HOW TO GROW A LOTUS BLOSSOM: Reflections in a Disciple's Life

by Rev. Koshin Schomberg

Section VII

To be with the Cosmic Buddha and to play in the Ocean of Nirvana--
How rare is the wonderful door of the Dharma and
The Transmission of the early Buddhist Ancestors! . . .
When your heart becomes the same as the world of Immaculacy,
It will manifest the laws of Immaculacy
And realize the True Body of Immaculacy
Which is beyond existence and non-existence.


The True Heart of Ancient Buddhas

In the winter of 1996 I visited Rev. Master at Shasta Abbey. During this visit, I took the opportunity one time when we were alone in her office to say, "I want to thank you for all you have done for me." Rev. Master simply replied, "You did it all yourself, friend."

It is true that Rev. Master could not do my training for me, and it never would have occurred to her to try. And for me, Rev. Master Jiyu-Kennett was, is and will be the living Buddha given to me by the Eternal to guide me into harmony with Itself. But the Eternal did not force Rev. Master to accept me as her disciple, and she was not forced to keep me as her disciple and continue to help me for over twenty years. Sometimes this help came as "the voice of thunder", sometimes as great tenderness, sometimes as clear teaching delivered at precisely the right moment--but most often it came as the example of another human being accepting her own humanity and the humanity of other people, and resolutely doing her own training.

Another time, I had asked Rev. Master how I could show my gratitude--and I meant my gratitude to her in particular. She replied, "There is only one way--to pass It on." Here "It" means the Transmission that has flowed through all the Buddhas and Ancestors down to Rev. Master, and on to--and through--her disciples and grand-disciples.

Merit from a Past Life

Many years ago I had a memory of a single scene from a past life. In this scene, a young monk--probably no more than twenty years of age--was walking beside an old, blind monk. The young monk was on the left side of the old monk and was supporting and guiding him with great tenderness. I was shown that I had inherited the karma of the young monk, and that Rev. Master had inherited the karma of the old monk.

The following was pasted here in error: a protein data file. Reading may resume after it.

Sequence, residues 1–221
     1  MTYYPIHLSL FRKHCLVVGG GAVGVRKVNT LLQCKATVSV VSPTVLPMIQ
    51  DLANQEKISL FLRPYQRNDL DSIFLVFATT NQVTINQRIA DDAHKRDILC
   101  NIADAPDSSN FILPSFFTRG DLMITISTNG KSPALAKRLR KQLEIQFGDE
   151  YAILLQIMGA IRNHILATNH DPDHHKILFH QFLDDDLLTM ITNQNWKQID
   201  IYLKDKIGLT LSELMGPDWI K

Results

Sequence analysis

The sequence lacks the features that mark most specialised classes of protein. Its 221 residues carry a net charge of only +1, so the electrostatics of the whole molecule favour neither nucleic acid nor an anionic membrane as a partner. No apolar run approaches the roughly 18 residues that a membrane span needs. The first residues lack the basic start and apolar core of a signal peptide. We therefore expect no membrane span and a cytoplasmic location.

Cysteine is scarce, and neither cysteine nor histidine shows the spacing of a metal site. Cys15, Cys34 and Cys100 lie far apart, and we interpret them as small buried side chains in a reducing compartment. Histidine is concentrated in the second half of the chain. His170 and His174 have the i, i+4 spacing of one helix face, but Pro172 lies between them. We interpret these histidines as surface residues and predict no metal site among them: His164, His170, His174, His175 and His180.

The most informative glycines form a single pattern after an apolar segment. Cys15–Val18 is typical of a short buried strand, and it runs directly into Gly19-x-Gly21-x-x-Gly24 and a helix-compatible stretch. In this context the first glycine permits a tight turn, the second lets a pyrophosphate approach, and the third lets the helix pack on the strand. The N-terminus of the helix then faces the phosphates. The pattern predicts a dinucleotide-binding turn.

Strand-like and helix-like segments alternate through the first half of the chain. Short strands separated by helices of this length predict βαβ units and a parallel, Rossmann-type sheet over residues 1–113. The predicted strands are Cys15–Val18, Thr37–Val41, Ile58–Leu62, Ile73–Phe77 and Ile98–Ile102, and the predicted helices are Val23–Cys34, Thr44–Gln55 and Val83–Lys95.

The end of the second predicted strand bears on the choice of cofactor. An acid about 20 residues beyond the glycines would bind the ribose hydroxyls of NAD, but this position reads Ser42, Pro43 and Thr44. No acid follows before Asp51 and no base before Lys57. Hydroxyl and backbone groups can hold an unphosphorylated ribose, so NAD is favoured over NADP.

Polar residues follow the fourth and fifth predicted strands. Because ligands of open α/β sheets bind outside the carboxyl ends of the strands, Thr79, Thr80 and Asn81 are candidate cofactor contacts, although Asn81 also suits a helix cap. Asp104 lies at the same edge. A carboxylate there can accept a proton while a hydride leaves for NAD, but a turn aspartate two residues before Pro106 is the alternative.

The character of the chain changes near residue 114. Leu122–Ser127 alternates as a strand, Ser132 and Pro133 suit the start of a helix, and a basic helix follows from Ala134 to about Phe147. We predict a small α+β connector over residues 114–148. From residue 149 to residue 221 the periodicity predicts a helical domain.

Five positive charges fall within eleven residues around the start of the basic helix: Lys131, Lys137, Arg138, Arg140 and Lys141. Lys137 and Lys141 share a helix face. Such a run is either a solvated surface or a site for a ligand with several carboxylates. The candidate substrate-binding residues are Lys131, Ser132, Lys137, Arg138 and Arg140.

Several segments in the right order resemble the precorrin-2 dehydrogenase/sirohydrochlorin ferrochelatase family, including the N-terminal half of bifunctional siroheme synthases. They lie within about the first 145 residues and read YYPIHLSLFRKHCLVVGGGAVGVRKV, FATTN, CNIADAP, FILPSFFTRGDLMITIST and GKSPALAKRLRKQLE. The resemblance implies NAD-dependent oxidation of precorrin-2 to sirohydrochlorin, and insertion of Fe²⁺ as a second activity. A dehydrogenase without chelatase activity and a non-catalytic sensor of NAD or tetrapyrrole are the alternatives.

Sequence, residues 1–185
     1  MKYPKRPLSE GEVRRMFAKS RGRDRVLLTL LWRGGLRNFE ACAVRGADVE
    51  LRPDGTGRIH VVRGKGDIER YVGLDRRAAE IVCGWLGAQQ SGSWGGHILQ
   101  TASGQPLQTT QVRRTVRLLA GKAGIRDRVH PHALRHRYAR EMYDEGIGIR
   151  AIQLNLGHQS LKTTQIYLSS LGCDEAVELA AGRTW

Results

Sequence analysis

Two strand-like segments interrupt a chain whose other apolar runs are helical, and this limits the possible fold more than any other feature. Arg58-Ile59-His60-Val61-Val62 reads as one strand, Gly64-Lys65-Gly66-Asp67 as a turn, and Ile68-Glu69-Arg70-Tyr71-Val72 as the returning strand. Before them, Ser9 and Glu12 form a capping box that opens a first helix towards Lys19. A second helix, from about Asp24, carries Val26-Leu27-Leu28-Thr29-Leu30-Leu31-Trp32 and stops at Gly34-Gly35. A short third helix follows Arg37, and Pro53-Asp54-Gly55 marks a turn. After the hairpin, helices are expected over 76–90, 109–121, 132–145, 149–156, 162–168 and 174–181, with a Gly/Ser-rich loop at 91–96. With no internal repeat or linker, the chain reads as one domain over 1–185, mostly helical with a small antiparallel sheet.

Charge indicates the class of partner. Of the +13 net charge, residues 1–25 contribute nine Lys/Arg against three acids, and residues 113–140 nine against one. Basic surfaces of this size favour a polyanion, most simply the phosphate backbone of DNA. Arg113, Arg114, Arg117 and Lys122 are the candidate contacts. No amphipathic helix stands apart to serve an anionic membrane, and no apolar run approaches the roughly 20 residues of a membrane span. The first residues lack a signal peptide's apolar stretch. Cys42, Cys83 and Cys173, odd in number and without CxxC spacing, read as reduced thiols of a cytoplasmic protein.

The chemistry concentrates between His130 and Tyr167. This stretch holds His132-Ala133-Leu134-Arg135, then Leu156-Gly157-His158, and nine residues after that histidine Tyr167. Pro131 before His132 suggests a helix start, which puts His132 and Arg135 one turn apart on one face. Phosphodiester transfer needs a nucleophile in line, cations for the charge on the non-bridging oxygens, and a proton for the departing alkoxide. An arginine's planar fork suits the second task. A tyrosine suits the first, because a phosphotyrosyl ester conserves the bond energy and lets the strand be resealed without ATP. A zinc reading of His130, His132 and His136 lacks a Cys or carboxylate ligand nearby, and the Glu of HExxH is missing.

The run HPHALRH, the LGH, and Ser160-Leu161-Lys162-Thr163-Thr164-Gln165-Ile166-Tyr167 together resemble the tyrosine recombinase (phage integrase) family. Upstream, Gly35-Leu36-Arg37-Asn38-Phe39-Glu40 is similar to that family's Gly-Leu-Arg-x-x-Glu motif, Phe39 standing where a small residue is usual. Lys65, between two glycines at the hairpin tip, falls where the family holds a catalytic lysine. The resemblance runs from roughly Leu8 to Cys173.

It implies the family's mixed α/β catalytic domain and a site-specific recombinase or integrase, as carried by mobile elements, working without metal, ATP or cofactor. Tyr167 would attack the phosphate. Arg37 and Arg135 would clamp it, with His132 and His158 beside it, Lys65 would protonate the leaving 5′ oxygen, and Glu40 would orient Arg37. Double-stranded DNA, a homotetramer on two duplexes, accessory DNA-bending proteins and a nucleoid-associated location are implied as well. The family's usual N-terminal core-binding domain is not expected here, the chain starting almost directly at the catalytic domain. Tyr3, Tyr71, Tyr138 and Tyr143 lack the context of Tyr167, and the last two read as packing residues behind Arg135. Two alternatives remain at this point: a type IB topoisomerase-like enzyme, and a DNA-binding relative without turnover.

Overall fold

When I think of all the help that Rev. Master gave me, my mind goes back to that memory of the two monks. Master Enan said, "The fact that we are in this boat [of training together] is due entirely to our good deeds in past lives; that we are blessed with the opportunity of spending the training period together in the same monastery is equally due to the same cause."--To which I would add, "The fact that we are able to train together as master and disciple is due to the same cause, and is the greatest blessing of all."

The Dewdrop Slips into the Shining Sea

On the morning of November 6, 1996, I was in a local town doing errands. As I went about my business, some words ran through my mind over and over again: "That which we truly are is not affected by birth and death." The Eternal really does look after us! Shortly after I returned to the temple, I received a phone call telling me that Rev. Master had just died.

As I said in the Introduction to these "Reflections in a Disciple's Life," this narrative has a very limited focus. I have not described the decline in Rev. Master's health in her last years. I knew she was deeply exhausted because she told me so--factually and without complaint--and because I have eyes and could see how hard it was. I could also glimpse something of the depth and power of the meditation that sustained her and enabled her to continue to be the spiritual locomotive chugging up the track pulling so many people along with her. My immediate reaction upon hearing of my master's death was to say, "Great!"--because I knew that she was fully ready to go, and because if ever a human being needed, and had earned, a good rest, it was Rev. Master Jiyu-Kennett. The love of a spiritual child clings to the beloved; the love of a spiritual adult lets go of the beloved. And, being complex beings, we can let go and still grieve.

When I was meditating in the Founder's Shrine at Shasta Abbey with Rev. Master's body a day or two after her death, I was shown that at the time of my own death she would be there to greet me. I do not think of Rev. Master as being in any way separate from the Eternal. I do not try to understand any of this intellectually. I just trust it.

I also believe that Rev. Master was so much in oneness with the Eternal at the time of death, that she just dissolved into the Great Immaculacy, releasing a great shower of merit that continues to bless my life and that of all beings. In Buddhism, this is called "Parinirvana"--full, final cessation of suffering and reunion with the Unborn.

I wrote a poem shortly after Rev. Master's Parinirvana. It is called "The Wind Bell" and is the third poem on the Poems page of How to Grow a Lotus Blossom: Reflections. A link to this page can be found at the bottom of this page.


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